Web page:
WB: Cloudy


Picture
"The Aborigine"
Straight out of camera (as in, the .jpg file produced by my camera with no alterations in Photoshop except EXIF entries, re-sizing for web use, and watermarking) featuring model Jacob Campbell.

Canon 5D Mark 2
Canon EF 50mm f/1.2 L
Aperture: f/1.2 (because I wanted the backdrop out of the depth of field from the small aperture.)
Shutter Speed: 1/1250 sec.
ISO: 100
Exposure bias: 0 step
Focal length: 50mm
Metering: Spot (because I wanted the camera to meter off Jacob.)
Lighting: Flash, compulsory and 2 strobes, one on left in front of model, and one on right in front of model
WB: K6500


Picture
"Purple Skies" - Joshua Tree National Park
The actual scene did not look like this, as the model, fellow San Diego photographer Justin Papreck could confirm. Still, I produced an image that made it look better on the computer than it did in real life (in my opinion).... without using software to alter it. In this case, the photo's alterations came from white balance settings.

Straight out of camera (as in, the .jpg file produced by my camera with no alterations in Photoshop except EXIF entries, re-sizing for web use, and watermarking).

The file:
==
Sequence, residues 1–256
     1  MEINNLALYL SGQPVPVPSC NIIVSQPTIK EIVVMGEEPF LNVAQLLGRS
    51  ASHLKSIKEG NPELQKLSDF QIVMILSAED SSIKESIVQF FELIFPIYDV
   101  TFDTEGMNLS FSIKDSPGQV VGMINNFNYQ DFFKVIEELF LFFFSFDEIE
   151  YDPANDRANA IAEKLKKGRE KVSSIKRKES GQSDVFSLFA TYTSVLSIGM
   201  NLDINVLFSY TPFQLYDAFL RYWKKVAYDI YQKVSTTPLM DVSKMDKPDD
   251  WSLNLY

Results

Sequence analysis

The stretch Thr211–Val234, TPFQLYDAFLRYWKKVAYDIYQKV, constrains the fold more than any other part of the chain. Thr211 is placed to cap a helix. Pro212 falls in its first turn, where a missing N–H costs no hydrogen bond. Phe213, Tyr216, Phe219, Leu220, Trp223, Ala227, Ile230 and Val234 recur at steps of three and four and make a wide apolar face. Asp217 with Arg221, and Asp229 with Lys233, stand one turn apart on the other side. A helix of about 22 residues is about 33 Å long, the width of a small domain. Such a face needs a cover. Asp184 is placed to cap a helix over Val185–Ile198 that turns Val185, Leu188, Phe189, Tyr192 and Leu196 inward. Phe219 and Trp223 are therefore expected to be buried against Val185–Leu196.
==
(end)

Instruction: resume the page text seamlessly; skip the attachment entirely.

Canon 5D Mk. 2
Canon EF 17-40mm f/4 L
Aperture: f/4 (chosen to blur the background compared to the subject, which was Justin.)
Shutter Speed: 1/5000 sec. (a fast shutter speed ensured he didn't move while I was taking the candid photo.)
ISO: 500
Exposure bias: 0 step
Focal length: 40mm
Metering: Spot (in this case, I wanted the camera to meter off Justin.)
Lighting: Ambient, just after a very gray sunset created by extensive cloud cover
WB: K2500 (to give the photo a blue hue)
Magenta / Green brkt: A9 M9 (to give the photo a red hue)

The added blue hue with the added red hue in this photo created a purple hue.